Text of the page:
While such schemes may have allowed for a rapid response at the start of the war, they are encountering a variety of challenges as time goes on. A study published in February 2023 by the Warsaw-based Centre of Migration Research (CMR) noted that over half of Ukrainian refugees in Poland did not have stable accommodation (less than 10 percent were housed in formal refugee centers). A similar study by the NGO Ukrainian Action in Ireland in March 2023 noted that housing precarity was the biggest challenge for refugees.
In the United Kingdom, a quarter of the hosts for the Homes for Ukraine scheme did not want to continue the arrangement beyond six months. This had less to do with their changing attitudes and more with their feeling of being completely abandoned by the state. One host told the BBC: “What the government are asking from you is to provide a full social security system. As soon as there’s any problem or confusion or challenge, there was nowhere to turn.” Studies by the CMR in Poland reveal a similar dynamic: while the willingness of Poles to provide private assistance did not undergo a significant change over the past year, what did change was their trust in the state’s ability to “provide systemic solutions.”
The Precarity of Hospitality
While we should recognize the response of countless Europeans in “giving home” to Ukrainians fleeing the war, we also need to pay heed to the perils of privatized hospitality. First, such hospitality is always precarious, relying on the charity of hosts rather than on legally guaranteed rights to protection. Second, it is inevitably unequal, with hosts deciding who they are willing to be hospitable to and for how long. Scholars have written extensively about the hierarchies of vulnerability that “sort” refugees’ right to protection. As protection is further re-scaled to private homes, such hierarchies of vulnerability are also entangled with hierarchies of “hostability,” with hosts deciding not just whom to make safe but also who is safe for them. Finally, since hospitality is necessarily an unequal relation, guests are not seen as legitimate holders of rights but burdened with expectations of recognition and gratitude (as reports of abuse and exploitation of the mostly female Ukrainian guests have highlighted).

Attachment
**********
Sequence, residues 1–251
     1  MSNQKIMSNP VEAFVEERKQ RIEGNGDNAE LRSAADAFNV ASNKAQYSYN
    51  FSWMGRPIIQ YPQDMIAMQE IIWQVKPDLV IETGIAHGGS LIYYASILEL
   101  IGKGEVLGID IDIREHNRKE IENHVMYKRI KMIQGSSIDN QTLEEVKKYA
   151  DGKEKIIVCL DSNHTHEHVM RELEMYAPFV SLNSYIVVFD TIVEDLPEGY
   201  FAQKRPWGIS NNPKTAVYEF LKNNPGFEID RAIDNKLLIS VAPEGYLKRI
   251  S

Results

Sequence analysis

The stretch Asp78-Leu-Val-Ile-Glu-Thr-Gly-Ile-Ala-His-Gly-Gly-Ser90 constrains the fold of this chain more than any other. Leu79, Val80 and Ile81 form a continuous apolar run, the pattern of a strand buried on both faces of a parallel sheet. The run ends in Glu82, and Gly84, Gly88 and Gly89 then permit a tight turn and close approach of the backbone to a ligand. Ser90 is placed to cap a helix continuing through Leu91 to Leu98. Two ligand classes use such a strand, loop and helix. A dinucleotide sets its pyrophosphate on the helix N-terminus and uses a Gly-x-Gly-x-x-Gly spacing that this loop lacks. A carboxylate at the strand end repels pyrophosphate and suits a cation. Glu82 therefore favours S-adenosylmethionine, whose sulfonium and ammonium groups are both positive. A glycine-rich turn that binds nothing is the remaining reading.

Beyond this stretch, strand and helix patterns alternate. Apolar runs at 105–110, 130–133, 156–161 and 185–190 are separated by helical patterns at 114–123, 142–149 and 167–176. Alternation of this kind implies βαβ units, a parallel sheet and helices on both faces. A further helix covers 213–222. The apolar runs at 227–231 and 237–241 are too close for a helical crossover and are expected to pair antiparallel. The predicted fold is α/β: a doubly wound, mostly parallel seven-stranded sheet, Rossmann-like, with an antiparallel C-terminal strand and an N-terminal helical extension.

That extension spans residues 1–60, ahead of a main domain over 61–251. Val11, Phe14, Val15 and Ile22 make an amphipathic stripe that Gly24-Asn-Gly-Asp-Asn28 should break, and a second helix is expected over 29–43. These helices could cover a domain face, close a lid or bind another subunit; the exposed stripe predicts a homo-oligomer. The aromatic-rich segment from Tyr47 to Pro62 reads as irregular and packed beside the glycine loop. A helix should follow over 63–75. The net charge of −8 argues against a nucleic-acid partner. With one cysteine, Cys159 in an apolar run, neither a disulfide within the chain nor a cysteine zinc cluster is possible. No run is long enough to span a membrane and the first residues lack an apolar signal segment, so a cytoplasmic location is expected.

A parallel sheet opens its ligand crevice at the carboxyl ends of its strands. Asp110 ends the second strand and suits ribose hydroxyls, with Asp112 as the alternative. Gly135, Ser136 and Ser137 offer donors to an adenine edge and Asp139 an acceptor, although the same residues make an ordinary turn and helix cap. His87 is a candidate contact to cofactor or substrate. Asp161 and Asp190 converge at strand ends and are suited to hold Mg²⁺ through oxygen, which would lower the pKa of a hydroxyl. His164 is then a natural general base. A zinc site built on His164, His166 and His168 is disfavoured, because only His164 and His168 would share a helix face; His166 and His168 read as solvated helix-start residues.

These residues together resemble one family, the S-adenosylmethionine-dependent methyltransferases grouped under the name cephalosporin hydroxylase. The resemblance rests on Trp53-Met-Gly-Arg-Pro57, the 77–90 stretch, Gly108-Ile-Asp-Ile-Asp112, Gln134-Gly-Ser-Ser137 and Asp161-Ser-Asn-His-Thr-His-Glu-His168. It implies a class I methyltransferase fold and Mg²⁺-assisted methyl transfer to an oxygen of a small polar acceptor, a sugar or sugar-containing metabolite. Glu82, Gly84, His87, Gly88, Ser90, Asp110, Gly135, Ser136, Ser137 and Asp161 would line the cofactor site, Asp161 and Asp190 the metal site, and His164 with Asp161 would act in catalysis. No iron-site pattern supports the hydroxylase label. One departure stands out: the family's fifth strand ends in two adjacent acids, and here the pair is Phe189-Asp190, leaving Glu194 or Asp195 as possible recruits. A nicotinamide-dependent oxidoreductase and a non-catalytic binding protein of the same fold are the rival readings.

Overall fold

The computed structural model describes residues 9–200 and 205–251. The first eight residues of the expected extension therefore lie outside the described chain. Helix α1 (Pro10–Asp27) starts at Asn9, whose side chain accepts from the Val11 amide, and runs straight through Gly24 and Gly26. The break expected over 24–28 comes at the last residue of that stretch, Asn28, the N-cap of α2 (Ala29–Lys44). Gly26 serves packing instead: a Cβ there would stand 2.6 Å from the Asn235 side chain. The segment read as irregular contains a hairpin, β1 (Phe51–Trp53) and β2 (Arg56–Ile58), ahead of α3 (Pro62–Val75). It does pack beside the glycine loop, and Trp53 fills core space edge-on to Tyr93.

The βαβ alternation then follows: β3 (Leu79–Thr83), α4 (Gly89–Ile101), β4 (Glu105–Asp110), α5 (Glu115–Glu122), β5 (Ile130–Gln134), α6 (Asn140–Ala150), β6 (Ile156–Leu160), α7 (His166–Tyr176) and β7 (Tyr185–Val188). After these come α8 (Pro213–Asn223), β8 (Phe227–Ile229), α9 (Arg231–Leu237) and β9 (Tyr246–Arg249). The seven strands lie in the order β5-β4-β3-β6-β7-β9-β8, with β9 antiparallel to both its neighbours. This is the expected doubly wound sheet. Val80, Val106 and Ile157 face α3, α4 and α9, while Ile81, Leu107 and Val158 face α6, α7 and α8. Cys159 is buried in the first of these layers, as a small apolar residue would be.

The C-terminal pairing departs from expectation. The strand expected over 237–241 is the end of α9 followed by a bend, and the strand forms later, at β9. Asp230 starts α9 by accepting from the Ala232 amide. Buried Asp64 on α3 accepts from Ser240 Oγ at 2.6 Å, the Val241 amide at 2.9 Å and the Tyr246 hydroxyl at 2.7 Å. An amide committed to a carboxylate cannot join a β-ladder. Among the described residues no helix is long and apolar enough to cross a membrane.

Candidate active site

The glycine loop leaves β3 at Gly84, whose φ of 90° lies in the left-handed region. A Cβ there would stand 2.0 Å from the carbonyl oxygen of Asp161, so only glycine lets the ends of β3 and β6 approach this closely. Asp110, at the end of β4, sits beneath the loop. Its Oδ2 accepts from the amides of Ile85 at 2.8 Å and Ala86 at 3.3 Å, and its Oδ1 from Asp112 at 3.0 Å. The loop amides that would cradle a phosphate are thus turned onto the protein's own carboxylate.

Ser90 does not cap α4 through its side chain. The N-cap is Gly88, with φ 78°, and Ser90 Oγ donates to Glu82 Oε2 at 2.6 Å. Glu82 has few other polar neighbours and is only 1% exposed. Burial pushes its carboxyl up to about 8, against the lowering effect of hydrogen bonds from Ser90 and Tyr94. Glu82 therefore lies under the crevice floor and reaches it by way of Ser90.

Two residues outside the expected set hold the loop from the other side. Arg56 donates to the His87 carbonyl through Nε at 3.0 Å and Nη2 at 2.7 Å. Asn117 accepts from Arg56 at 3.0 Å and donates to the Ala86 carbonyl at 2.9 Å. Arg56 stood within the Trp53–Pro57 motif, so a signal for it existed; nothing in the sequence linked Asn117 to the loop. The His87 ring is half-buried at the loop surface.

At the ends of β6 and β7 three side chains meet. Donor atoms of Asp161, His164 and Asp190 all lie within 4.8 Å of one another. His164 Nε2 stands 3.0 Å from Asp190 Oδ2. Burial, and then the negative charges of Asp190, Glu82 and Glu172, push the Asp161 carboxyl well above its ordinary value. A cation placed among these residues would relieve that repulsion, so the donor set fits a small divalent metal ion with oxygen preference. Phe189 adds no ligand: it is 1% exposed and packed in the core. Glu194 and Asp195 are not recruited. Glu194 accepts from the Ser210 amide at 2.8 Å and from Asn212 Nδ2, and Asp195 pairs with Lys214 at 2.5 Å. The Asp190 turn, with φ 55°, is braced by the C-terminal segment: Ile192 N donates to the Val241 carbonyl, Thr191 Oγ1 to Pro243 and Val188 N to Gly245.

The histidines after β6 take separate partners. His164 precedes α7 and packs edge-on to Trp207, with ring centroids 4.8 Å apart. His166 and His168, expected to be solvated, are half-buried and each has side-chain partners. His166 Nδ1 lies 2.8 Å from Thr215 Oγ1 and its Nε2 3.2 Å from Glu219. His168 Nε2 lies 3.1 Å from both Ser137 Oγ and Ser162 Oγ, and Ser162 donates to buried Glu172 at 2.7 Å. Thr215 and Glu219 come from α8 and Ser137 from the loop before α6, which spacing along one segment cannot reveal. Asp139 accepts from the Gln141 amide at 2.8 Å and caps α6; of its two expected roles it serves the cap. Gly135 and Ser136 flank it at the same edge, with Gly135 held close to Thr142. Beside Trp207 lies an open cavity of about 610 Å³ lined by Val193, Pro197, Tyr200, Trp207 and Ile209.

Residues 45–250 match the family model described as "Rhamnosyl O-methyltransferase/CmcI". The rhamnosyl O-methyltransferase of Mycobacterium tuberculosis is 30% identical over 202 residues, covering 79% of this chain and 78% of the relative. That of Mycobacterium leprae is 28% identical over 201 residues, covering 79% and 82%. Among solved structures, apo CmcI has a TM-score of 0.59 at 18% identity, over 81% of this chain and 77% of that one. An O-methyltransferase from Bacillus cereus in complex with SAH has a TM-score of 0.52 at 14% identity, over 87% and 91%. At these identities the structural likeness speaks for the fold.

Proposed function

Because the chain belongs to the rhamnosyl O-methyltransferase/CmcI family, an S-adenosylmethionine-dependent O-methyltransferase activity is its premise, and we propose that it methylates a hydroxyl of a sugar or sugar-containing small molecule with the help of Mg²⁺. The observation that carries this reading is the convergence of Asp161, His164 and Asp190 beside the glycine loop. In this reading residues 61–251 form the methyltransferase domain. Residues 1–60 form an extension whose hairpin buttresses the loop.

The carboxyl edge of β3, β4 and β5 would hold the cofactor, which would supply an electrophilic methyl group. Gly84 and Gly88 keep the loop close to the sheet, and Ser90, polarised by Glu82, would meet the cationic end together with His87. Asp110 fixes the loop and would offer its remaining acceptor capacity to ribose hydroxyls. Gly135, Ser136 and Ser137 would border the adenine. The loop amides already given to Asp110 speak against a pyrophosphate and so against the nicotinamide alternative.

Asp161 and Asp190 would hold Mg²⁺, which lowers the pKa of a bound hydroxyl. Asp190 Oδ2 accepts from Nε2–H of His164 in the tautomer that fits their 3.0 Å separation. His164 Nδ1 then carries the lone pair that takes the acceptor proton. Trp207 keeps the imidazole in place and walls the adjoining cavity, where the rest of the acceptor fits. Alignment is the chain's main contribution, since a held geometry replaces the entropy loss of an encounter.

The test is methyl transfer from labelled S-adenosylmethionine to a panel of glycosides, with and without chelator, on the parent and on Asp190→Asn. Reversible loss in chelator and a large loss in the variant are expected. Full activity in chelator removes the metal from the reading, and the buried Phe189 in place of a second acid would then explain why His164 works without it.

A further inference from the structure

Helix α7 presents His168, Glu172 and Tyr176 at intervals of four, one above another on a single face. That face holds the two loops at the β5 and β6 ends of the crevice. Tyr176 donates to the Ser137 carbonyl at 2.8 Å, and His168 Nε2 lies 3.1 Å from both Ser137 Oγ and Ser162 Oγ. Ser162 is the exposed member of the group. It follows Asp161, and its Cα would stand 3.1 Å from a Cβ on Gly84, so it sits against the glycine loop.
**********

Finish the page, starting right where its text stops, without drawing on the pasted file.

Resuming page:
As David Featherstone has argued, transversal solidarities extended by private citizens are always “without guarantees.” In the EU, such guarantees must be provided by the member states, which cannot continue to rely upon the charity of private actors to ensure the full range of legally binding rights to those displaced by the Ukraine war.
Luiza Bialasiewicz is professor of European Governance at the University of Amsterdam and the academic director of the Amsterdam Centre for European Studies.